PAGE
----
Things will get tough. If you define your WHY; it will help you stay focused. Don’t stop at the first why but instead dig deeper with additional why questions.
How would you achieve this goal?
Break down your larger goal into bite size pieces.
In the book “How to Eat an Elephant” Frank Wiginton highlights the ”one bite at a time” technique. Any large task will seem overwhelming at first. Therefore, you have to break it down into weekly or daily activities.
Automate Repetitive tasks
Once you have broken your goals into discrete bite size pieces; figure out if it can be automated. If yes, then go ahead and automate the task. Automation of investment not only avoids decision fatigue preventing you from getting started with investment; but it also saves your mental bandwidth and cognition for tasks which require your concentration. You can use your mental energy on improving your human capital and earning more money
Tasks which need concentration – Deep Work
Cal Newport coined the term “Deep Work” in his book to highlight tasks which require concentration. He explains that these tasks are the ones where you use your brain power to produce original content, analysis, studying etc. Due to the mind losing its ability to concentrate later in the day; make sure you schedule these tasks first in the morning at the start of your day; and after breaks so your brain cells are not tired.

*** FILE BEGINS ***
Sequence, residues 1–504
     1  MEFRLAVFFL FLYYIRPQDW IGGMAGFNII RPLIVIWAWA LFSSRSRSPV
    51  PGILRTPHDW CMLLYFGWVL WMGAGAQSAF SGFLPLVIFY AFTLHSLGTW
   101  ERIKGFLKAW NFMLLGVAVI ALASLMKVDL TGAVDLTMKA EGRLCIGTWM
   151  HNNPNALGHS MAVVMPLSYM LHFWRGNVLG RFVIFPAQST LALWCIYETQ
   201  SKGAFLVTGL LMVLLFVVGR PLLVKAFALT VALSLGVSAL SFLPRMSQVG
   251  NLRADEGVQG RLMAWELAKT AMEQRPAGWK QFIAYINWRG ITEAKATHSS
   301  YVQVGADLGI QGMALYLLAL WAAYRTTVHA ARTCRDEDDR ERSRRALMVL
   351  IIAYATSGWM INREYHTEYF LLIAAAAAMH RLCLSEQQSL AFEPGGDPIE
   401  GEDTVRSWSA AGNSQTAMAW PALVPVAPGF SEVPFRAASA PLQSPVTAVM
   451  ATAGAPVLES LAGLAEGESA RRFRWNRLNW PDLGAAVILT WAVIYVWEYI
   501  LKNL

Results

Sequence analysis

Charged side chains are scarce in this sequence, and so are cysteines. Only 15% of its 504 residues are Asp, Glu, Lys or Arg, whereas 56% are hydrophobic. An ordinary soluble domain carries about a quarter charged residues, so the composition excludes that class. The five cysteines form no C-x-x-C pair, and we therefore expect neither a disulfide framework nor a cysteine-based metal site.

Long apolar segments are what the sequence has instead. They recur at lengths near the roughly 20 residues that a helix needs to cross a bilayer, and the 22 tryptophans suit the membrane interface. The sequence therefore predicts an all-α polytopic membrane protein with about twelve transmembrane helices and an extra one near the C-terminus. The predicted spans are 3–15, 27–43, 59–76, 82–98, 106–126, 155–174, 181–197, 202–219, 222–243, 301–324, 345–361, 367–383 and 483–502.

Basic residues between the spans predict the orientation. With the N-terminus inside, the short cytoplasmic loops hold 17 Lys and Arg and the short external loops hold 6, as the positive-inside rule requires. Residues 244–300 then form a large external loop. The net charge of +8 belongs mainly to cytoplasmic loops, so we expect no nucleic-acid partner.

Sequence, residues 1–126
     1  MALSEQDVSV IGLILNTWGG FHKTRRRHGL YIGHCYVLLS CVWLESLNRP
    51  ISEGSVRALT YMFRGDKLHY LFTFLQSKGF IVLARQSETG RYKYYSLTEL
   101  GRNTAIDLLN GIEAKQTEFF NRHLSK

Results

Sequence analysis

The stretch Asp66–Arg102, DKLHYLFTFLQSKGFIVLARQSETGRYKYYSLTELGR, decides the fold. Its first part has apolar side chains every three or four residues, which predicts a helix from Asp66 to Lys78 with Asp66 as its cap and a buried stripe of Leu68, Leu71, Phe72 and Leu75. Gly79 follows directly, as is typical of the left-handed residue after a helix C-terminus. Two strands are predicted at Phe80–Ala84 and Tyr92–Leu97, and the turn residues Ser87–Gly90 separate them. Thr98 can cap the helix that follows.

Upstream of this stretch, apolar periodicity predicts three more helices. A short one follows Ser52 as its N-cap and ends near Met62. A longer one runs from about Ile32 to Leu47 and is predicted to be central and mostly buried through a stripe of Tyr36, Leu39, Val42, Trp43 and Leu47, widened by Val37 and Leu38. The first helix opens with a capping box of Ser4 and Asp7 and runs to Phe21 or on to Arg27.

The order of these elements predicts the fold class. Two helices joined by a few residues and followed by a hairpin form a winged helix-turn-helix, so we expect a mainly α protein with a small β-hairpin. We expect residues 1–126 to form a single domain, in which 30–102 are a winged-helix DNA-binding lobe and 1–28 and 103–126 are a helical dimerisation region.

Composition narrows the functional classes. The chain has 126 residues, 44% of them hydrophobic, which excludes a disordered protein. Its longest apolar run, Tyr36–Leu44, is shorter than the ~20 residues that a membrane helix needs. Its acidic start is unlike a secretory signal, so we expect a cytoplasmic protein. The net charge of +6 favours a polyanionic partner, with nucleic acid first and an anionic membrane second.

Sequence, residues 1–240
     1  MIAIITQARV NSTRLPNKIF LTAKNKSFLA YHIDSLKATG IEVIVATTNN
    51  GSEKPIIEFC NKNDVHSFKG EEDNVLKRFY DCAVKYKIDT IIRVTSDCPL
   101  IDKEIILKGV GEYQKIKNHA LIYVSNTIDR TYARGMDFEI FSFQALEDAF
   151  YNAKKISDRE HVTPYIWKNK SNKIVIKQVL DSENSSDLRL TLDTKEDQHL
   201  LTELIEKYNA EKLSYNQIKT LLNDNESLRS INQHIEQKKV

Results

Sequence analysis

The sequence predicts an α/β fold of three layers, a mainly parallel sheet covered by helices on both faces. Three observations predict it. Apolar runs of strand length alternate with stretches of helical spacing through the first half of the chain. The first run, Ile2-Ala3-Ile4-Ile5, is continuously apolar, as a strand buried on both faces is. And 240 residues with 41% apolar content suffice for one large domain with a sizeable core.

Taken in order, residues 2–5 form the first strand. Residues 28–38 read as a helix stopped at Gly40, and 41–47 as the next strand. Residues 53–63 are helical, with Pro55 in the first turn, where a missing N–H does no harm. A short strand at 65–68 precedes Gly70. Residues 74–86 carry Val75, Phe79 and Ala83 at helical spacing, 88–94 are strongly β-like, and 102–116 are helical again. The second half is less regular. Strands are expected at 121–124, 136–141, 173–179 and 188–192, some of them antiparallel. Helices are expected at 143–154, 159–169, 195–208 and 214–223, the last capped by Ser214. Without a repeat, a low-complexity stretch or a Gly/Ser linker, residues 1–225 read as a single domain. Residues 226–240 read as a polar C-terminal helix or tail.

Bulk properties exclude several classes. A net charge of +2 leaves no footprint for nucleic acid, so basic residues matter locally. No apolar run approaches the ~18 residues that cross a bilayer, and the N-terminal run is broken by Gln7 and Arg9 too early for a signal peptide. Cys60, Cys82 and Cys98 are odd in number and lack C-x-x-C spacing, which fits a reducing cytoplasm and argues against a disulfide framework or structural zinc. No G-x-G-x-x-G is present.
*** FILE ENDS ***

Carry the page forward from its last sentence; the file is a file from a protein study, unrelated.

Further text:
Tasks which are unpleasant and require a lot of will power – Frogs
These tasks should also be done first thing in the morning. Mark Twain once said “If it’s your job to eat a frog, it’s best to do it first thing in the morning. And if it’s your job to eat two frogs, it’s best to eat the biggest one first.”
The frog is a metaphor for the one thing will have the most impact on your life. It is most likely something that you know you have to work on but lack the motivation to do and have kept it on the someday “to-do” list for too long. Eating the frog means to just do it and not end up procrastinating over it. Doing it first thing in the morning means that you will not suffer from Decision Fatigue; and can complete the task or at least make measurable progress on it.